How many times do you get to a show, the first round goes well, you’re in the jump off and you and your horse has an argument about which way to turn! Kim Barzilay of Kimba Stud offers advice on getting it right at a show. Watch the video below.

Changing course

Obedience when asking for a change of direction is an exercise that needs to be worked on at home. It’s too late to wait until you get to a show in the jump off and expect your horse to know where it’s going.

At home              

Try setting up a small course of jumps at home and mix up the way you ask your horse to jump. For example we may set up a double at home and mix up the direction you go after landing from the jump.

It’s important that the jockey doesn’t do anything in the air. Leave the horse to finish off the jump. If your horse starts thinking what’s happening up there half way over the jump, the horse has lost concentration. It’s when you land that the direction is given.


Don’t do anything until the horse has landed. When riding through a double or a single fence, the horse must think that it’s going straight on. That’s right up until the horse has four feet on the ground.

If you try turning in the air you’ll unbalance the horse. You can jump across a fence but don’t try and turn after the horse has picked up.

If you do try to turn suddenly, you’ll always get one leg down and you’ll have pole.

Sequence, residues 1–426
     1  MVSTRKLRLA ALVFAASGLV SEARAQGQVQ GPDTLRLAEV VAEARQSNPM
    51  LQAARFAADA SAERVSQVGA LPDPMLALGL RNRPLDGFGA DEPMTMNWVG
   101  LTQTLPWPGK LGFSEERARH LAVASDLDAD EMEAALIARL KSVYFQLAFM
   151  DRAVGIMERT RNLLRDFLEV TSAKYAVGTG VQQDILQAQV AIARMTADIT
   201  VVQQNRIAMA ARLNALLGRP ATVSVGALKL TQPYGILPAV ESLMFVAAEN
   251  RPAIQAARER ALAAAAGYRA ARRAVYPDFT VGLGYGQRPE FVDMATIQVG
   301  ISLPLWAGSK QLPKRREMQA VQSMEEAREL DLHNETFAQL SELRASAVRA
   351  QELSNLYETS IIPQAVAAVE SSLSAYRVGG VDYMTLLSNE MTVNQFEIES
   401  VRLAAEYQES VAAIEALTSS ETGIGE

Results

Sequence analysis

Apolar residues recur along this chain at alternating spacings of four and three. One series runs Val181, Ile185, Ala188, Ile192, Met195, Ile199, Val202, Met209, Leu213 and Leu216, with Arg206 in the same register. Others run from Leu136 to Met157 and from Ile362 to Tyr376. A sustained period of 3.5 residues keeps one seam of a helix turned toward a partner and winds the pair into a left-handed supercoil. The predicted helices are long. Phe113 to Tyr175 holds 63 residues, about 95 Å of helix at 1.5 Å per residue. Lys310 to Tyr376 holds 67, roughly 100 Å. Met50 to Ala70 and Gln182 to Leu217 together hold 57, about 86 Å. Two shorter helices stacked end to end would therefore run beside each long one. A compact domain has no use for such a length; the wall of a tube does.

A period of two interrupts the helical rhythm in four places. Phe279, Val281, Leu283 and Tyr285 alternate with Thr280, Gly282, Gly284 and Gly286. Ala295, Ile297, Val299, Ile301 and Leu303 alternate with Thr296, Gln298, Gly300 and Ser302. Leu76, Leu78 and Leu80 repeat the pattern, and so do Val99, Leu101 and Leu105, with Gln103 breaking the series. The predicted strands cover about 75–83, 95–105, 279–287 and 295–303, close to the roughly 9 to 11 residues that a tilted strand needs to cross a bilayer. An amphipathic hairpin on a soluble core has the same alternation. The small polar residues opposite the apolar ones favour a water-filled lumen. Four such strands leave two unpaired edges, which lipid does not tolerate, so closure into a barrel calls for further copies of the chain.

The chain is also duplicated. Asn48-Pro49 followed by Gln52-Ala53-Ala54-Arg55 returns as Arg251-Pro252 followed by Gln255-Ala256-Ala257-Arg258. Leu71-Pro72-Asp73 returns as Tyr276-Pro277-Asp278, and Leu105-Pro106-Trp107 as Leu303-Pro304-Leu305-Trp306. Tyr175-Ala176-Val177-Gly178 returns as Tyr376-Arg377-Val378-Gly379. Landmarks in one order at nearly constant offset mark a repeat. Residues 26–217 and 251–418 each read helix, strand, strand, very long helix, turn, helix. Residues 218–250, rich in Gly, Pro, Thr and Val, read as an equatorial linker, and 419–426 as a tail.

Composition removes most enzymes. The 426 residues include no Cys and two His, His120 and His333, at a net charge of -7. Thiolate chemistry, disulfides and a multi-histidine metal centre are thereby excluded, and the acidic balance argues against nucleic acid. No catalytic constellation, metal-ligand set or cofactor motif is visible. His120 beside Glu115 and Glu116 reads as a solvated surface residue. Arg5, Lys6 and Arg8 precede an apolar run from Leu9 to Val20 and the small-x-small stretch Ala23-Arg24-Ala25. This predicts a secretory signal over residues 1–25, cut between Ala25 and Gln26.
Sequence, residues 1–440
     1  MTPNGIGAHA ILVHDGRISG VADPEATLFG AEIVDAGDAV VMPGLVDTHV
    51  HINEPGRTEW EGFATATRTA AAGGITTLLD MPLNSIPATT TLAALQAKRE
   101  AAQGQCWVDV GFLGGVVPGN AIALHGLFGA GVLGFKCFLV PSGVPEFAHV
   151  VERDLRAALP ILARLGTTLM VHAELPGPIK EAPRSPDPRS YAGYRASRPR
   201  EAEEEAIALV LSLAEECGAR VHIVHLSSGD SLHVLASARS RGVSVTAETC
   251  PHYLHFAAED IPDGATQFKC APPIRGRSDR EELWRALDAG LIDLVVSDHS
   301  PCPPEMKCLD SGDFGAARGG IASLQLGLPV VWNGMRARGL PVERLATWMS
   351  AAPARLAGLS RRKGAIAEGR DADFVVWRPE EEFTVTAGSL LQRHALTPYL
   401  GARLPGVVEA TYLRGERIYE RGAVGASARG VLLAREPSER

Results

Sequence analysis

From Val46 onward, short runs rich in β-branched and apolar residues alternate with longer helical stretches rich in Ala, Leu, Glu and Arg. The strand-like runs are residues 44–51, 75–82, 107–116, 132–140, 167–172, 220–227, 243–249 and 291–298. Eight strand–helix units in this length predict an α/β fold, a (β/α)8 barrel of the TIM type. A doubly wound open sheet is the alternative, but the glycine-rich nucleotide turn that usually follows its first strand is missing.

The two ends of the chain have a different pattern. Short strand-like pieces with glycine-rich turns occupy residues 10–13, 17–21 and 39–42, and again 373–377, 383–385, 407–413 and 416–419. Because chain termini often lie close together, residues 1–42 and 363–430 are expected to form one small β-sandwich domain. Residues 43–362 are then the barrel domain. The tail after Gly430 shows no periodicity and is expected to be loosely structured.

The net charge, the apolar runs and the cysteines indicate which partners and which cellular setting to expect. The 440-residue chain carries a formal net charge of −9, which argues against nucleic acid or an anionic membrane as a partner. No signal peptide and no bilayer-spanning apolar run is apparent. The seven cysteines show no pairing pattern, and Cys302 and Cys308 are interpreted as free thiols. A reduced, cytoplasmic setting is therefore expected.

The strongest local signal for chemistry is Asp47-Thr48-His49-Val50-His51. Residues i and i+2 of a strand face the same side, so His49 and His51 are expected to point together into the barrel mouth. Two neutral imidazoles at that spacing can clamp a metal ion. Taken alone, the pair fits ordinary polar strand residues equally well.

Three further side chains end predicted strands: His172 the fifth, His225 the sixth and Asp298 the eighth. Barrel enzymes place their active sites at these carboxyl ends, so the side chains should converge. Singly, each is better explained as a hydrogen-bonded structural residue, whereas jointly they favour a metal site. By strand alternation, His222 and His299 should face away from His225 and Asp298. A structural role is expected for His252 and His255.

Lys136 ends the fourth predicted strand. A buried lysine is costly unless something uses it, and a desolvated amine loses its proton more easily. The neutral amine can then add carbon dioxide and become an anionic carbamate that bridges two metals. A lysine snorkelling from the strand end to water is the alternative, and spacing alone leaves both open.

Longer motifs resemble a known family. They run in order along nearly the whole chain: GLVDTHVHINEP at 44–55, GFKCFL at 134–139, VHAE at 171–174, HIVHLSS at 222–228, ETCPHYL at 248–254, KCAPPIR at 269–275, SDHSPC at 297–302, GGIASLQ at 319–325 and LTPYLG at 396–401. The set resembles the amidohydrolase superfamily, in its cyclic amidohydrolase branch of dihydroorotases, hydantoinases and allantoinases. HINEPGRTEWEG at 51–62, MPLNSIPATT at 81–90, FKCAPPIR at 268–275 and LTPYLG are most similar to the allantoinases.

When you ask for the turn you need the horse to be obedient and wrap itself around the rider’s leg.   You’re then ready to put your leg on and move forward to the next fence.

At the Show

If you haven’t done some good directional change exercises at home you may be having your arguments at the show!

When coping with change of direction in a class, it’s a case of being hands on at the time.   The hours of work you’ve put in at home will now pay off.

Kim says

When you have a good horse and you’ve put in the hours of training at home they will be obedient to you.   With a good solid partnership and the horse is very receptive, you may only have to think turn and the horse will turn. In this case, for a jump off you may have to pretend in your head that there is another jump straight ahead so that the horse doesn’t anticipate the way it’s going.

Work on obedience at home so the horse wraps itself around the rider’s leg. This would be something that we practice a lot at home. It’s the way we win classes.

Emma Jo Slater rides a 7 year old Mare by Up to Date out of a Heartbreaker Mare. Emma say’s, “She’s a lovely mare, careful and neat jumper. She’s qualified for National Finals in British Novice and Discovery. She’s jumped double clears for Newcomers for next year and she’s currently jumping Foxhunters.”




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